The Maori Party was forced to share the stage with National at the annual Ratana celebrations yesterday, sparking speculation that Ratana leaders were punishing the party for its post-election dalliance with National.
Both parties played down the united appearance, which reminded onlookers of their closeness immediately after last year's election.
Organisers said the two Opposition parties were welcomed on to the marae jointly because of time restrictions.
But a Ratana kaumatua, who did not want to be named, said welcoming two political parties together was unusual.
He believed the shared platform was deserved as the Maori Party had held discussions with National in a bid to form a Government following last year's election.
Ratana spokesman Wayne Johnston said the party leaders were not compelled to accept the joint welcome. The request was unusual but it was made because of delays caused by rain and an earlier welcome taking longer than expected.
Prime Minister Helen Clark, who arrived after National and the Maori Party, was received on to the marae with a large contingent of Labour MPs and was invited to sit with the hosts, as in previous years.
Governor-General Dame Silvia Cartwright, making her first visit to Ratana, shared the same honour.
Maori Party co-leader Pita Sharples said while some people had reservations about being welcomed on to the marae with National, he was comfortable with it.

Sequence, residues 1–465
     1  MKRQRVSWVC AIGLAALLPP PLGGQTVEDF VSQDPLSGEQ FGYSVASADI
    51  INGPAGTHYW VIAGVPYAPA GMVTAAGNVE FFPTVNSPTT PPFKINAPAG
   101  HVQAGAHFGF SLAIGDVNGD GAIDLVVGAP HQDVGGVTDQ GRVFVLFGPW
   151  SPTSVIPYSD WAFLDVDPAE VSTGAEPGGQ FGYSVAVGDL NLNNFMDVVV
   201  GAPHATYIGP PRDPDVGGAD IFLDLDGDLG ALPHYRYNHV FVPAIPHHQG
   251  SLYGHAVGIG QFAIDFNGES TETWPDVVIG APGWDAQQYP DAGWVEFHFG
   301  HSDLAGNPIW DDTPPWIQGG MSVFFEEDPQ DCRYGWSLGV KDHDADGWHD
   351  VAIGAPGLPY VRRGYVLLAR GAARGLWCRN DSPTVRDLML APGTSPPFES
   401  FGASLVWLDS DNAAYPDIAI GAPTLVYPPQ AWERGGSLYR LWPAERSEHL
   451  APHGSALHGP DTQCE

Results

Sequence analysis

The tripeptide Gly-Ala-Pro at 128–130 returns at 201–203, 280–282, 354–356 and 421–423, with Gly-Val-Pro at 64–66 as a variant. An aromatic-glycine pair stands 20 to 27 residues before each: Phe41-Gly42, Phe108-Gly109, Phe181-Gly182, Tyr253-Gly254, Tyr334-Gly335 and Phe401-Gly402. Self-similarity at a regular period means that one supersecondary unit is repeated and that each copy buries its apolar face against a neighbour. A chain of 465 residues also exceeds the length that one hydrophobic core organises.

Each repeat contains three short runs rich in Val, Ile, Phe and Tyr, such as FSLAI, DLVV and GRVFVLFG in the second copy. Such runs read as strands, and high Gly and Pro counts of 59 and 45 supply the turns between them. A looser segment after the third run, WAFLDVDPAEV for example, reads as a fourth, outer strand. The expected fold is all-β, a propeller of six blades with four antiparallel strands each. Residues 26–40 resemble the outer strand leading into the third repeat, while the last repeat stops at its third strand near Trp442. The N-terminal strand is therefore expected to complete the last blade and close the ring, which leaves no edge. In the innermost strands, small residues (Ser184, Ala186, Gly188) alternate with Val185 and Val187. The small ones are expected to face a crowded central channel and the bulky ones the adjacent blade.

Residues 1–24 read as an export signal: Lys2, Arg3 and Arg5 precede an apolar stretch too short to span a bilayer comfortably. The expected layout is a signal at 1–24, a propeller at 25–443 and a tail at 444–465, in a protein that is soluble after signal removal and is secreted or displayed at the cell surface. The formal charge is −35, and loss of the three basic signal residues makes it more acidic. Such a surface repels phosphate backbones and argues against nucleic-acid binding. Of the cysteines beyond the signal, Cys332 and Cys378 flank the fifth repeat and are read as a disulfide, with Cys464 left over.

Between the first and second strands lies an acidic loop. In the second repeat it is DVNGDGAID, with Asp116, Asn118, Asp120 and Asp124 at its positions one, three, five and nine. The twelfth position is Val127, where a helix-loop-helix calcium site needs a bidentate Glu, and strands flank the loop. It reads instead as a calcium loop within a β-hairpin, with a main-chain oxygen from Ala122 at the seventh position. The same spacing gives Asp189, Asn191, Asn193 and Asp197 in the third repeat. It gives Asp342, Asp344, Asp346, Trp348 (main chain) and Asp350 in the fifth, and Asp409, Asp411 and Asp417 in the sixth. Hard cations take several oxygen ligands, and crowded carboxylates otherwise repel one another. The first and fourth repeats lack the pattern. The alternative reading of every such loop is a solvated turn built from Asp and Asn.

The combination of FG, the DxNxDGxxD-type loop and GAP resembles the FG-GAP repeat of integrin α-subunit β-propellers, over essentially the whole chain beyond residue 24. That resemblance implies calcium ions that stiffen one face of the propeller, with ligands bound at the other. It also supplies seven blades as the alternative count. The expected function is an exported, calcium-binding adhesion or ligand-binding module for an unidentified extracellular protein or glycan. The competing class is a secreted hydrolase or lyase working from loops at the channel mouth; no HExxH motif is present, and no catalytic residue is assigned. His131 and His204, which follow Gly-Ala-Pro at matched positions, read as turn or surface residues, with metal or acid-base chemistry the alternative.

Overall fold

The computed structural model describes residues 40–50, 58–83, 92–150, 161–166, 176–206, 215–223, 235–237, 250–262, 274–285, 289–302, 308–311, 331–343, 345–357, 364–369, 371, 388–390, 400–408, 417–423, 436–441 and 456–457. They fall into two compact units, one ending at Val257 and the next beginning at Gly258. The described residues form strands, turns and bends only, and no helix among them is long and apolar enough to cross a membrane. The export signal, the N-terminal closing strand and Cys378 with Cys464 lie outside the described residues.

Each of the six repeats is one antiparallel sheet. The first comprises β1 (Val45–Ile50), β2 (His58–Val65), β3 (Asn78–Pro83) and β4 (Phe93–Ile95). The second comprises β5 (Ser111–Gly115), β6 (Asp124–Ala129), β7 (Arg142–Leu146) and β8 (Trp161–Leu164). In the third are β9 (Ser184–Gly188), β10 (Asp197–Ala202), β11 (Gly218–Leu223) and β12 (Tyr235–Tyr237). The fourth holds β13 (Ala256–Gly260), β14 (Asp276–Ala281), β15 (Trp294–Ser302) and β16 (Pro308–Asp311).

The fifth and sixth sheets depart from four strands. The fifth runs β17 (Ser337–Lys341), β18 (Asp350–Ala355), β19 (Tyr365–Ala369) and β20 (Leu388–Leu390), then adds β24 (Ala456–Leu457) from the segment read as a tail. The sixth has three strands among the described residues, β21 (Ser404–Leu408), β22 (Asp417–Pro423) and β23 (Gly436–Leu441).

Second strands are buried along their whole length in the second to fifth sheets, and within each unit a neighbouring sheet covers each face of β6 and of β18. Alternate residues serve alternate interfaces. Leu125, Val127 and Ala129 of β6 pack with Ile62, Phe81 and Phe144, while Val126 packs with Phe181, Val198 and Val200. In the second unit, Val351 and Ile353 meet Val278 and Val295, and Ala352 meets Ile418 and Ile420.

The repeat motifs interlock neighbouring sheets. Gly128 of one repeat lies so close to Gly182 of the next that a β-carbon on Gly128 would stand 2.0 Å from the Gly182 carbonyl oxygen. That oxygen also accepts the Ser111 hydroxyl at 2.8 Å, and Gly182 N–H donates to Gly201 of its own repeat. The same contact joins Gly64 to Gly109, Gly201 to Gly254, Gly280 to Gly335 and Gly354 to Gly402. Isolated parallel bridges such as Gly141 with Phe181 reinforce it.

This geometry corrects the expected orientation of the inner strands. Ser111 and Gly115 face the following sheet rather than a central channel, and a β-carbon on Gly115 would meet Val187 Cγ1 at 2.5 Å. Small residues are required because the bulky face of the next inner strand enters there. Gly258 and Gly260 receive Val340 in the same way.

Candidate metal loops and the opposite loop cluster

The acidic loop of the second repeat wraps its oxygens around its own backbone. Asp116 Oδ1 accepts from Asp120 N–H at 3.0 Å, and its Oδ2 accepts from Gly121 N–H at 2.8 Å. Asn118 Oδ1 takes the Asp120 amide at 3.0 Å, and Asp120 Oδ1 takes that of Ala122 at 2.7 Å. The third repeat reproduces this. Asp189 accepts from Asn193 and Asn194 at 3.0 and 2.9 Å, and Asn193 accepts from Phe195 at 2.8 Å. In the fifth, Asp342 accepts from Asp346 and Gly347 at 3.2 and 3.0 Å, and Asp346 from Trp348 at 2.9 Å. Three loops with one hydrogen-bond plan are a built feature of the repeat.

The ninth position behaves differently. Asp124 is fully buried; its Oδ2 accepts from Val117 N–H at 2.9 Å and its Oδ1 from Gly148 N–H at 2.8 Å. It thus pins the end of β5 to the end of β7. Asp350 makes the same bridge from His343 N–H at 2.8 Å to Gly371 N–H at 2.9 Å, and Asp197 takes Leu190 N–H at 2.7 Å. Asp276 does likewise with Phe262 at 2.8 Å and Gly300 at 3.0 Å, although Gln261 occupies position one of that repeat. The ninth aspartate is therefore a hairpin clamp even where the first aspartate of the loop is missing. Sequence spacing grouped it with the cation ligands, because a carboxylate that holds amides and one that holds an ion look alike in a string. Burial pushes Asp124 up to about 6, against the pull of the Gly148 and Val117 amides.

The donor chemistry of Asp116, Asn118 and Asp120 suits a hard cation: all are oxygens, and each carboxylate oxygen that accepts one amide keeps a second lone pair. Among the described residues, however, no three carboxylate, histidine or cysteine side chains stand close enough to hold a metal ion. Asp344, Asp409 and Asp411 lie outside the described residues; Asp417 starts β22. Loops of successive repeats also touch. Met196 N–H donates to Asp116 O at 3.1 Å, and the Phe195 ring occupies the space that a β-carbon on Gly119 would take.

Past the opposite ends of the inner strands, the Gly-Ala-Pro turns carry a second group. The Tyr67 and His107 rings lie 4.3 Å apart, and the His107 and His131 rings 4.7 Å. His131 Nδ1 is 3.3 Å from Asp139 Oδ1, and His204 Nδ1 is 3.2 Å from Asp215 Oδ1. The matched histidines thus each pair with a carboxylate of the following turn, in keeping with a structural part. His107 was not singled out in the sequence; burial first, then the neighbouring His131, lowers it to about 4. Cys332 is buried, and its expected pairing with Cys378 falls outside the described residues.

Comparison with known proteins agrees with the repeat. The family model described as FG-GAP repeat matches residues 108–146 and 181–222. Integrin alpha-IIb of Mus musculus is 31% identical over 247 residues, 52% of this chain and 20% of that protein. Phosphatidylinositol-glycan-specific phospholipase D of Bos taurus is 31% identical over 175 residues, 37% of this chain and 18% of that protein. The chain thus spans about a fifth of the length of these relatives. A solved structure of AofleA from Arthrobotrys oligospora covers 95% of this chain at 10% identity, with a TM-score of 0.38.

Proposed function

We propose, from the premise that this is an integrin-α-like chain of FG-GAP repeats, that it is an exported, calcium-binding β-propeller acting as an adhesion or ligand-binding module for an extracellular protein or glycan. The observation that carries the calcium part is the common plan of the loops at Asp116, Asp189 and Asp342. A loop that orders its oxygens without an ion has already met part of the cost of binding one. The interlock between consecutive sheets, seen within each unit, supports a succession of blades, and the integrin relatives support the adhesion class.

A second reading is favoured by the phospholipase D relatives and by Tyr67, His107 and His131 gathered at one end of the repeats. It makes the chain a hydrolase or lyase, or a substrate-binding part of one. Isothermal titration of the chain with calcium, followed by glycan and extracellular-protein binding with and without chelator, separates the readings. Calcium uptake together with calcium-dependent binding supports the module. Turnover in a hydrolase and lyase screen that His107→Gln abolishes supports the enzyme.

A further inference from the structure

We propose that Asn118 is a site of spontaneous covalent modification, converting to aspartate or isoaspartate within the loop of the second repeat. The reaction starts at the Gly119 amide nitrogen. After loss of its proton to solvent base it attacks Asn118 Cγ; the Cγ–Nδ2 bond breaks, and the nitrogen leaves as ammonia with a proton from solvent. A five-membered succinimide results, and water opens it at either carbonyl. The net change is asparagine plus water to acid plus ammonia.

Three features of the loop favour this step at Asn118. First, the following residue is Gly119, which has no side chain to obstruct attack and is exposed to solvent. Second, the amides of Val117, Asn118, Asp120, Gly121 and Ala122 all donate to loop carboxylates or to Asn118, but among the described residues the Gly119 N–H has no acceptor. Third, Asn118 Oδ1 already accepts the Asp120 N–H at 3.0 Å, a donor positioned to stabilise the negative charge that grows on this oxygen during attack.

"I don't think Don [Brash] knew whether to come on his own. Ratana sent their people and said they were behind time because of rain and other stuff.
"They asked if we would come on together. We discussed it and agreed."
Co-leader Tariana Turia said she was there for the birthday celebration of the Ratana Church founder, Tahupotiki Wiremu Ratana. His 133rd birthday will be celebrated today.
She said there was no connection between the Maori Party and National and the Maori Party would decide which parties it voted with in Parliament on a case-by-case basis.
Maori Party MP Hone Harawira did not support the decision to welcome the two parties together.
He refused to say whether he thought the move was designed to embarrass the party, but said the stark difference in speeches by party leaders showed they had little in common.
National Party leader Don Brash said he took the reasons for being welcomed together at face value.
As both National and the Maori Party were in opposition there were issues they would co-operate on, he said, but there were fundamental differences between them.
Those differences were clearly apparent during the leaders' speeches.
In his speech Dr Brash said he accepted the long relationship between Labour and Ratana, but claimed successive National governments had given significant help to Maori through housing and support for the Maori language.
He defended National's race relations policy.
"There is nothing in my speech at Orewa two years ago that could be interpreted as being anti-Maori."
Speaking in Maori, Dr Sharples picked up on Dr Brash's call for one law for all.
He said Maori were treated differently because they lagged so far behind Pakeha economically, socially, in health and life expectancy.
Helen Clark said Labour had an edge over other parties because it led the Government and was able to put its promises to help Maori into practice.
- additional reporting Ainsley Thomson